Sergeant Major Zack arrives at a new army base with his wife, son and Sherman tank. One night at a bar he "stops" a pimp/deputy from beating a girl. The corrupt sheriff uses Zack's son for revenge and Zack uses his tank.
Set in Sweetwater, Arizona in the 1880s with solid citizen Bret owning a ranch and part of the Red Ox Saloon. Stable cast with varying stories, often centered on conflict between the ambitious sheriff and everyone else.
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Sergeant Major Zak Carey is serving what is his final tour of duty at an Army base in Clemens, Georgia. Zak doesn't like the way the Army keeps the base and the bar is not what he's accustomed to. So he goes off base to get a beer. When he goes to the bar one of the local prostitutes tries to come on to Zak but Zak turns her down. That's when the deputy who appears to be her pimp beating her up. That's when Zak strikes him. Later he learns that the Sheriff is corrupt and takes what happened to the Deputy as an attack on him and tries to get Zak but the Army backs him and Zak is not intimidated. That's when they arrest his son on trumped up drug charges. Before Zak can fix it, his wife tries to get a lawyer for their son but this only pushes the Sheriff to send their son to a prison farm. With no other recourse Zak gets into his own vintage Sherman Tank and busts his son out and they try to make it to the state line so that they can expose the Sheriff.Written by
Sergeant major Zack Carey believed in Truth, Justice and America. Until the sheriff of a little town put his only son into jail of a crime he hadn't done. And now sergeant major Zack Carey has changed his mind. (original Finnish poster tagline) See more »
The picture was helmed by two Hollywood Studios, Lorimar Productions and Universal Pictures. The former was the production company that produced the movie whilst the latter distributed the film. See more »
The newscaster says that the sheriff is deputizing two hundred men. Yet only about thirty men are with the sheriff. See more »
The UK cinema version was cut by 2 minutes 20 seconds to secure a 'PG' rating, with cuts made to violence, sex references and strong language, including repeated use of the phrase "the whore". The '15' rated video is uncut. See more »
Not only does Tank offer varied assortments in the ways of wit, action, and humor, I believe that it also accurate portrays the periodic levels of corruption that previously and continue to plague the various small town, white-bred trailer trash communities across the nation, moreover a mild example of which I can personally relate to.
Two years ago, a similar rural community with it's own breed of laws and regulations attempted to suspend my driving privileges upon ticketing a driver for speeding that had confiscated a driver's license that I had previously reported as stolen. My attempts to explain myself only proved a fruitless endeavor, as the community encouraged me to pay up and get over it. Only after I hired an attorney and threatened a lawsuit, did the grit munching scum-suckers in question withdraw their insistence.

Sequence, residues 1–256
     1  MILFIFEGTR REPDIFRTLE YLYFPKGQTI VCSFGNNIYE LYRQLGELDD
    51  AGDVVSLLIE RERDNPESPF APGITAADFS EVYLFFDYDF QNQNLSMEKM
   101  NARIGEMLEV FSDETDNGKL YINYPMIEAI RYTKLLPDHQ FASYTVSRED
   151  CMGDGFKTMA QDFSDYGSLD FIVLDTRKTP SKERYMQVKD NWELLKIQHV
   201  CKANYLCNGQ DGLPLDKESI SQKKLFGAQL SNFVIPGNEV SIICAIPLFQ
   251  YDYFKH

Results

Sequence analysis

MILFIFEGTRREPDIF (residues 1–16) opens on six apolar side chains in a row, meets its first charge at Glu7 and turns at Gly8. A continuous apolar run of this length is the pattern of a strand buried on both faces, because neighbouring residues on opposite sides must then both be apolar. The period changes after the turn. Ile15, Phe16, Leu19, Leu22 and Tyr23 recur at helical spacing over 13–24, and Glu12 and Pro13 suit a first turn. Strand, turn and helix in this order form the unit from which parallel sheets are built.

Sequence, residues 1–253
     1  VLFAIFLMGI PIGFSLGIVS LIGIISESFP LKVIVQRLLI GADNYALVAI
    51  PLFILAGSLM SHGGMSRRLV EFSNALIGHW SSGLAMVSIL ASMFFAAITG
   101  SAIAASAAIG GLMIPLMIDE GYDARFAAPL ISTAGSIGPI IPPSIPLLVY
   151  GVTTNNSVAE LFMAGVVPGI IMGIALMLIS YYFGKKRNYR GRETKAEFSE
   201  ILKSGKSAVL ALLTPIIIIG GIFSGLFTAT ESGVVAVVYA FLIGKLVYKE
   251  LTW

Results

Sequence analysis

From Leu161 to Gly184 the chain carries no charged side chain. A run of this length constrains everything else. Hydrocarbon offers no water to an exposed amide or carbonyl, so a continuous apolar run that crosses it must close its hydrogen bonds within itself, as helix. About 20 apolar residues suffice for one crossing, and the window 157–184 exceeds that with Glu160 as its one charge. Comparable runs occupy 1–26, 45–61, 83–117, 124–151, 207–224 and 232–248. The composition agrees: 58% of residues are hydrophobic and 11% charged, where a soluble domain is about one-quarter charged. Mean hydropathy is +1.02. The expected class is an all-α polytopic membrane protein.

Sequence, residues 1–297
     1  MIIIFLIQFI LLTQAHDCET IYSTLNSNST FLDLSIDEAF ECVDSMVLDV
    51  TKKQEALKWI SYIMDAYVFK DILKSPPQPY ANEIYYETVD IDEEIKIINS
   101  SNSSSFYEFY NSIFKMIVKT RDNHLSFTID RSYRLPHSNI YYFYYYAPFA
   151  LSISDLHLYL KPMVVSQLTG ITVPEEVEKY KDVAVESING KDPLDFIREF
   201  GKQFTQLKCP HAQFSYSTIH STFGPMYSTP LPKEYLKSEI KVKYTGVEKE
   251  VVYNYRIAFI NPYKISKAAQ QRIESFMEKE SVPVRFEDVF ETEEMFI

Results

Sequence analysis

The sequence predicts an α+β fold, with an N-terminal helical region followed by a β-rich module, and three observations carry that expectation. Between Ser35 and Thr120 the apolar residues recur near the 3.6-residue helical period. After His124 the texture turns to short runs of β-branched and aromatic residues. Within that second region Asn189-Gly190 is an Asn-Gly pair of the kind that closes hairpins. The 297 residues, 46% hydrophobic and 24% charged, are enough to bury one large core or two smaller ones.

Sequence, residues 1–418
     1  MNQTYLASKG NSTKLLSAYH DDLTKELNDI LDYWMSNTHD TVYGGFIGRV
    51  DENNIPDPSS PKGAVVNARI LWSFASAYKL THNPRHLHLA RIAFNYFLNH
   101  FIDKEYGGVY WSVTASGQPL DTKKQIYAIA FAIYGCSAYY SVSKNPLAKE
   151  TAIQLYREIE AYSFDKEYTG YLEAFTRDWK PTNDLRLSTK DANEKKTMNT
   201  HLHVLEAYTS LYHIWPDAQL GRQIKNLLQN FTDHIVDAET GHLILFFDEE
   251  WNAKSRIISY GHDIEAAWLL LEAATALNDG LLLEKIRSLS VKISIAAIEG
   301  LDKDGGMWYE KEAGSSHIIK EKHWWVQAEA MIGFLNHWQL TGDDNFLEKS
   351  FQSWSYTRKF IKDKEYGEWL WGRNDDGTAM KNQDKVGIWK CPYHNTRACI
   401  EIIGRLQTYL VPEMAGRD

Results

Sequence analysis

Within this film, a corrupt southern bred police department attempts to enslave an Army Major's son after a deputy is justifiable beaten up in retaliation to assaulting a falsely branded "prostitute". As a portion of cover, the malevolent Sheriff runs a broadly defined farm that actually qualifies as a labor camp from which to subject luckless youths to intensive brutality. After failed attempts to appease the Sheriff's fury, James Garner elects to take matters into his own hands, commandeering a personally owned Sherman Tank in which to spring his son, and demolish a few of the corrupt police department's facilities along the way.
Perhaps another reason I enjoyed this movie is the presence of the highly versatile score by the incomparable Lalo Schifrin, who employs every compositional style in the book from Jazz to traditional military marches and a highly catchy disco tune. Unfortunately, the latter becomes a subject of unwarranted contempt from the Sergeant major's redneck upbringing, as he encourages local bars to refit their repertroire to stay any unwanted coersions to "dance the funky monkey".
Overall, the film offers a highly sympathetic premise, that eerily enough seems completely plausible in today's terms, given the prevalence of small towns, isolated from the civilized world and thus prone to erect their own dictatorial policies, no matter how severe.
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